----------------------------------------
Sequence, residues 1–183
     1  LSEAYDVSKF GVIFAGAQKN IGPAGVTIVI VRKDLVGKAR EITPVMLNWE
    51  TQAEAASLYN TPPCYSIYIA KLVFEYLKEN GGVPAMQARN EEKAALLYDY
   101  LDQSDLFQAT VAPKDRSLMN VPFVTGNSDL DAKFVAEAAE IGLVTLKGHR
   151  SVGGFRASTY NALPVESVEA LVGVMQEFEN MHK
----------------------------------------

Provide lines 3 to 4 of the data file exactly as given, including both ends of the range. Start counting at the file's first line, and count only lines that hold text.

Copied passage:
    51  TQAEAASLYN TPPCYSIYIA KLVFEYLKEN GGVPAMQARN EEKAALLYDY
   101  LDQSDLFQAT VAPKDRSLMN VPFVTGNSDL DAKFVAEAAE IGLVTLKGHR